(I'm not trying to start a flame war here. And I'm not looking
for help on ways to do these things on Windows (I never plan to).
These are just some of the reasons I prefer to run Linux.)
On 2007-11-14 Roth, Pierre wrote:
> I would like then to compile into a single short document all
> the pro's for running the subversion server on a Linux machine.
> 1- Scripting :
> 1-a : Scripting languages are easier to setup/develop under
> *nix systems. Implementing fine-tuned hooks (server side) is
> more comfortable in a *nix environment. reference :
1-b : Availability, ease of installation of peripheral tools. On
Ubuntu, I can see 70+ subversion-related installable packages.
All immediately installable with a couple keystrokes and a few
seconds (for most). You may not need most of them, but the
ability to simply install-and-experiment is very valuable.
1-c : OS licensing costs, plus cost of other necessary
malware-protection tools are non-existent on Linux.
1-d : *You* are running it / setting it up, and you prefer/know
1-e : You may want to incorporate mailing lists, continuous
integration, etc, on this server (or another Linux server), and
some of those tools really prefer Linux (e.g., mailman, other
scripted mail generation, procmail, buildbot, cabie).
1-f : Monitoring costs. You might want to set up a monitoring
solution. There are a few to choose from on Linux, and again
1-g : Authentication. If for any reason you want to go with
svn+ssh:, it should be easier to manage on Linux with NIS (though
I'm speculating on this one right now).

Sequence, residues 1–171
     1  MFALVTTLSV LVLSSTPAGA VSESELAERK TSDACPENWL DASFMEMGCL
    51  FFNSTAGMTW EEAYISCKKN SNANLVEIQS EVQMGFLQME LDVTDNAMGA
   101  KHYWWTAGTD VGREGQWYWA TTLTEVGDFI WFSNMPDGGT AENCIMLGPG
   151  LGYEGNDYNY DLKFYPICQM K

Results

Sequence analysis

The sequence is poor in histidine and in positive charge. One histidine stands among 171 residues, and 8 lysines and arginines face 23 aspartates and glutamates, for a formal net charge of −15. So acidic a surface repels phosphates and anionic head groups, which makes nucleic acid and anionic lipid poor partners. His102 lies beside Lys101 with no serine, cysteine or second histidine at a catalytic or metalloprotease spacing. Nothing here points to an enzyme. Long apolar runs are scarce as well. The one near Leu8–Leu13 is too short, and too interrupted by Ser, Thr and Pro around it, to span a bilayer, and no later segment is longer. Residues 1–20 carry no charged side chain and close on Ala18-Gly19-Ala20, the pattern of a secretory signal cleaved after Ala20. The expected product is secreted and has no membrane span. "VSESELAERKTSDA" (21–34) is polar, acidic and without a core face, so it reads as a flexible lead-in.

1-h : Building new tools. Say you decide to build your own
Apache, Subversion, and other tools (this is not uncommon). Are
you going to invest in compilers and other build tools on
Windows, or simply use autoconf/gcc/binutils to build on Linux?
1-i : Backups. What are your automation plans for doing backups?
Cron and various common *nix tools make this easy on Linux.
Wouldn't know where to start on Windows.
1-j : Other automation. What are your plans to replicate/mirror.
It's easier to automate/coordinate with mirrors on Linux.
1-k : Transparency. In general, it's easier to see what's
happening with Linux systems/tools (system logging, monitoring,
renice-ing, etc). IOW, debuggability is better. (But this
probably depends on your skills / what you're used to.)
> 2- Performance :
> 2-a : "NTFS Filesystem does not seem to perform well with large bnumber
> of small filles" (I can't confirm it since I absolutely does not know
> Windows NTFS capabilities)
> reference :
2-b : Malware-protection doesn't need to be running so you might
save some cycles there.
2-c : Harder to know what unnecessary services can be shut down
on Windows (if even possible).
2-d : RAID. I wouldn't know where to start setting this up in
Windows, but it should only take you a couple extra install
clicks to set up in Linux (and you can choose other filesystems
(I'm sure others can think of more if these aren't enough.)
_ _ ___
|V|icah |- lliott
" " """
mde_at_MicahElliott.com <>< http://MicahElliott.com
PGP: 0x7C07CBF0 ICQ: 369060435 Linux/Ubuntu: 417195/12440
Received on Wed Nov 14 15:04:49 2007